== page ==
Technologies 4.0 and Functional Diversity: A Social Model for Augmented Functionality




Capítulo de libro:


R. Feltrero y M. Toboso (2021). Technologies 4.0 and Functional Diversity: A Social Model for Augmented Functionality. In Egbert, B., Erdmann, J., Merejo, A. (Eds.) Digitisation and Transformation. Society, Technology, Education (pp. 63-76). Trafo Publishing, Berlin, Germany. ISBN: 978-3-86464-222-7.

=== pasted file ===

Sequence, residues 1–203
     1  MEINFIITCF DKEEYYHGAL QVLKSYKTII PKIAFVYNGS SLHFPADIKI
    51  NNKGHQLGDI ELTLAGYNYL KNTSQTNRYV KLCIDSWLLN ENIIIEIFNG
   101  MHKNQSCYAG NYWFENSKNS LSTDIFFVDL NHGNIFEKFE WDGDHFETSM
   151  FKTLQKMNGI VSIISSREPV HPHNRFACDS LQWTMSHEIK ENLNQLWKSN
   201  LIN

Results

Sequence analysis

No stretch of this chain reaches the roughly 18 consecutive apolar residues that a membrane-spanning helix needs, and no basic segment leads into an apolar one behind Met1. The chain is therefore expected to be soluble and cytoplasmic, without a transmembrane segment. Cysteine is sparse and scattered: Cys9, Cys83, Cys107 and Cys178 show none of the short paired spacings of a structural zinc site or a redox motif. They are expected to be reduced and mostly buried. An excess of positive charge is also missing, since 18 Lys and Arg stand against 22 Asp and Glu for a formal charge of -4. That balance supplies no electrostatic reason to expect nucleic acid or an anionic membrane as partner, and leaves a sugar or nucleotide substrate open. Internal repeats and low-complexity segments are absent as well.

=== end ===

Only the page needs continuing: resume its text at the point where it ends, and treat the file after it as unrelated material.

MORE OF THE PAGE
Abstract. The idea of functional diversity was originated in 2005 within the Independent Living Movement in Spain. This vision of disability is different from traditional medical-rehabilitative and social models, and among its objectives is the fight against "ableism". Technologies 4.0 are characterised by their versatility in design and digital production, which allow individualisation of technological developments in fields such as biomedicine and biomechanics. The manufacture of devices tailored to the particular needs of each user causes these technologies to extend basic assumptions in the social model. From the traditional paradigm of "design for all" (or universal design), the aim now is to ensure individualised design as a result of the technological and industrial appropriation. This model will continue to be social if it allows each person’s functioning to expand, not from medical rehabilitation or "normality" but rather from technological autonomy in functioning ecosystems.